Lejas Bulana was settled by freed Latvian convicts in the 1840s but, apart from a few missionary priests in the 1920s, had had virtually no contact with the homeland since Czarist times. Leitis was stunned to discover a living community in the middle of Siberia whose people spoke 19th century Latvian and lived close to the way their farming ancestors had.
“It was like entering a time machine,” he said. “I gradually moved away from studying history to work connected with national questions.”
Life there was not too bad, said Leitis, since it was situated in a fertile micro-climate that even let them grow watermelons; indeed, he felt at the time that its people had a better diet than they would have in a Latvia plagued by Socialist shortages. Its inhabitants were friendly if a little too fond of vodka.
In an ideologically acceptable form, the journey was written up by some Soviet newspapers but was considered too hot for audiences in Latvia – 40,000 copies of the magazine Zvaigzne, which had supported the trip, were pulped, while a film of the Lejas Bulana encounter was pulled just 10 minutes before its first screening.
Nevertheless, over the next three years he made repeated trips back to collect material and even managed to bring six Siberian Latvians to Riga, three of whom stayed for good. But the Cheka had finally had enough. The major cause of their discomfort were questions he was asking in Lejas Bulana, and several other villages he discovered, about survivors of the 1937 mass purges which decimated the Latvian communities in Russia.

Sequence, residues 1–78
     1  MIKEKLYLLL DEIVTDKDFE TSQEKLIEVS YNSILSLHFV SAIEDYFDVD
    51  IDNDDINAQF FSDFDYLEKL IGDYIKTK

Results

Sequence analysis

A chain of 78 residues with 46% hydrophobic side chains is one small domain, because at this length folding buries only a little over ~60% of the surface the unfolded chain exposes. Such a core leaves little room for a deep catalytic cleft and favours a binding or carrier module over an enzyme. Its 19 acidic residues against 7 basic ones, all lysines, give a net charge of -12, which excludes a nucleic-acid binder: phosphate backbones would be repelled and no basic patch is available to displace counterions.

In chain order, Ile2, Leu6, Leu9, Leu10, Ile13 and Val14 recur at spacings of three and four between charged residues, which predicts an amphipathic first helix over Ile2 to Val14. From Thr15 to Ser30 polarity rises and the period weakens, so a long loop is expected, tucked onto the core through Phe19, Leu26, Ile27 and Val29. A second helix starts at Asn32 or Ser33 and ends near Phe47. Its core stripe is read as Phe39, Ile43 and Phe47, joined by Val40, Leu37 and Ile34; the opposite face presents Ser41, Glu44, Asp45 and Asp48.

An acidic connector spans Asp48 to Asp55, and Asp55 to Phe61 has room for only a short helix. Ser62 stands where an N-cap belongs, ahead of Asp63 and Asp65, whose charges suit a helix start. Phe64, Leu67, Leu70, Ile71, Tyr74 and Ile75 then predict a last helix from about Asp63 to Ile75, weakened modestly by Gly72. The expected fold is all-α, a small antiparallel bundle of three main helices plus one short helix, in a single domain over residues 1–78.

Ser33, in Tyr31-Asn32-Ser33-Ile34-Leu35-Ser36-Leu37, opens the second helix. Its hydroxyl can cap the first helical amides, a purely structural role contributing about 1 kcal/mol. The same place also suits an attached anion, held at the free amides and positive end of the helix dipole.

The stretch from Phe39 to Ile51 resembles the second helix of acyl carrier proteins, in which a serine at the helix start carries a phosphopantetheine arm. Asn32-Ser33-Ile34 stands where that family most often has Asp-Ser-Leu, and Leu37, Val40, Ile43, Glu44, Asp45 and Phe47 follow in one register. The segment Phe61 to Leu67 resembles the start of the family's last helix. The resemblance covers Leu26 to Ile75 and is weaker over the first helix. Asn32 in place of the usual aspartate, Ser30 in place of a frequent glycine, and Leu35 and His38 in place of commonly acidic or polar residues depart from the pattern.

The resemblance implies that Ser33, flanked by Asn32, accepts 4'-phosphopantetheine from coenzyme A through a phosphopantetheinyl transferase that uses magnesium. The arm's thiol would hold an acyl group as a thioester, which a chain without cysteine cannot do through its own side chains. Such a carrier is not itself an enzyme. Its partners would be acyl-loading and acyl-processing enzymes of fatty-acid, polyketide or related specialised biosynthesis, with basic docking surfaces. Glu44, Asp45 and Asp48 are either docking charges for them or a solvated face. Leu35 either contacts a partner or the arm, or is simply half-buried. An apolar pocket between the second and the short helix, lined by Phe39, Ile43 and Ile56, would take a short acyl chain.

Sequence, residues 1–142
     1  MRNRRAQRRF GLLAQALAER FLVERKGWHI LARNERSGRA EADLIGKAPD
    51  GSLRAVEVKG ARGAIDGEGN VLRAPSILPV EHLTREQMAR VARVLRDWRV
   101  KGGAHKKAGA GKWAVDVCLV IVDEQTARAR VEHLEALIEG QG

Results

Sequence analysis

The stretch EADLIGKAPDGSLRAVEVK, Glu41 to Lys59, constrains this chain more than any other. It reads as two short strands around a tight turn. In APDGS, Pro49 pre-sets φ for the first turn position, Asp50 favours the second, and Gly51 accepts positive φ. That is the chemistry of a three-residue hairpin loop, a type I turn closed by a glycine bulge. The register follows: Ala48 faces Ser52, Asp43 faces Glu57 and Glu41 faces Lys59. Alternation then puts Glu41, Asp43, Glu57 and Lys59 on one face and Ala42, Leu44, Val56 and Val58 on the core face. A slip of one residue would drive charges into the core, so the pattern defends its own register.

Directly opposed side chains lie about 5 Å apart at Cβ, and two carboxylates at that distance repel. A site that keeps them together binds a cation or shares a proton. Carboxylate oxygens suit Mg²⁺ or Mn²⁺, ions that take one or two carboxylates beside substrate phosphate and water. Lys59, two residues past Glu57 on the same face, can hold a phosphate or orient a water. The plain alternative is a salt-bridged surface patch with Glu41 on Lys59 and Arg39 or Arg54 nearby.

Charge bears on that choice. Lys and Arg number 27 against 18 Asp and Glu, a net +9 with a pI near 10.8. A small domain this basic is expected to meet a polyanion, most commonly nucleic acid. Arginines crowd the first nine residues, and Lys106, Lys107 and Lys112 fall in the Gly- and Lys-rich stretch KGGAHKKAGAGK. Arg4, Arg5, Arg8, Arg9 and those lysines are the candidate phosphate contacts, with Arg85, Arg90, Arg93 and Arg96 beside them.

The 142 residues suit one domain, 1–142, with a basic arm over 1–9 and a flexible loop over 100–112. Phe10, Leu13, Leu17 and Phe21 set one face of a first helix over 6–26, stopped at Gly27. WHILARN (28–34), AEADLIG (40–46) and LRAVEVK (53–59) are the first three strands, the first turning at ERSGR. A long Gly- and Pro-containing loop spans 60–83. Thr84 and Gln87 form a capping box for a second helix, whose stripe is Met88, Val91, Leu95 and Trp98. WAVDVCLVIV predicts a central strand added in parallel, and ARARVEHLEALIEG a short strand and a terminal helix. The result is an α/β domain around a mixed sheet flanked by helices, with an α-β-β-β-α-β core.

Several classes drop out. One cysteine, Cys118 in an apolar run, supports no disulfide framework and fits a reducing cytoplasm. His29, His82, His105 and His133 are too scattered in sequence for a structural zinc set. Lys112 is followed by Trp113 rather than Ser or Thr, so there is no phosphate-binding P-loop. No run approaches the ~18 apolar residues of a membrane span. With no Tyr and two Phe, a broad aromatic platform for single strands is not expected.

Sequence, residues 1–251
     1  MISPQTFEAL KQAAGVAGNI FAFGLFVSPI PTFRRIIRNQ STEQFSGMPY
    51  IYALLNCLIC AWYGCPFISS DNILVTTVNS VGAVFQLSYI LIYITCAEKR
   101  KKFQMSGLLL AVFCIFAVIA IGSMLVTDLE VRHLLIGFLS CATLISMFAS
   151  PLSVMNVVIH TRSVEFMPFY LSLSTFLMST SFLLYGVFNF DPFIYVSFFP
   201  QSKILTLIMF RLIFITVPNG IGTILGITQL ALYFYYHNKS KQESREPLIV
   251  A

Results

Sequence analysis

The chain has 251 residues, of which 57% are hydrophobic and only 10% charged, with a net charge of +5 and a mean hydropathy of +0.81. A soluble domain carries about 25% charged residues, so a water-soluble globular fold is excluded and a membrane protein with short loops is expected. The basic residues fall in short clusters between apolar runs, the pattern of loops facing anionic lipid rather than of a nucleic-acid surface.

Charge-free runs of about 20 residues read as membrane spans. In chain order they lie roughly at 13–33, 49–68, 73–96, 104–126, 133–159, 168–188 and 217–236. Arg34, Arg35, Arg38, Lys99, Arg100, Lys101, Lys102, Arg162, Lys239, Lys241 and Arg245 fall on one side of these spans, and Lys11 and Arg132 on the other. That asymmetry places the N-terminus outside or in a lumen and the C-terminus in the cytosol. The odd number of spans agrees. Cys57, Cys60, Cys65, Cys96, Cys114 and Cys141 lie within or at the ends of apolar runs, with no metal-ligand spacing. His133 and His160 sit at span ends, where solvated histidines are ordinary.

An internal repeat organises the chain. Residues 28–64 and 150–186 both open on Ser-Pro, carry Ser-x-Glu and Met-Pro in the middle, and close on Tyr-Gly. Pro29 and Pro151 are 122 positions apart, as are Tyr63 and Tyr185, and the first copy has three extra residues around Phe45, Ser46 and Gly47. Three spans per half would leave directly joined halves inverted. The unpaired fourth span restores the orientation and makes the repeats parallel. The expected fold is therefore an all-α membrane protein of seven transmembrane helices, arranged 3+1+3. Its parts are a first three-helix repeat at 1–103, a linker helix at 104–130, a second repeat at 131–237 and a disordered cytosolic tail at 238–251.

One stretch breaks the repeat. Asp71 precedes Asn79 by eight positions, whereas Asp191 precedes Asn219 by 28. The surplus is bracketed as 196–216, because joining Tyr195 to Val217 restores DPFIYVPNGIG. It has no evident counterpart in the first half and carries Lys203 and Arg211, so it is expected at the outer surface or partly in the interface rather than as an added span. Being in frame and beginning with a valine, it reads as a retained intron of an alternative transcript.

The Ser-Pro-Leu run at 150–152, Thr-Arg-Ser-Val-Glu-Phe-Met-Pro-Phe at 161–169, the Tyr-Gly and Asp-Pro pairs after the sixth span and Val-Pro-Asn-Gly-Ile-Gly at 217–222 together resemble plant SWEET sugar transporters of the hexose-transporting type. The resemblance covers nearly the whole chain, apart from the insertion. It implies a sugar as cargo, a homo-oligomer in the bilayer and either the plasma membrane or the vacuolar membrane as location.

“They said, ‘if you go there one more time you won’t be coming back’,” he laughed.
He did return by car again in 1981 but said it took just three hours for somebody to inform on him. He faced the secret police back in Latvia as an old pro. Leitis said that he had armed himself with knowledge of the Soviet legal system since his first teenage run-in and had also learned how to manipulate antipathies between the KGB in Russia and Latvia.
The free world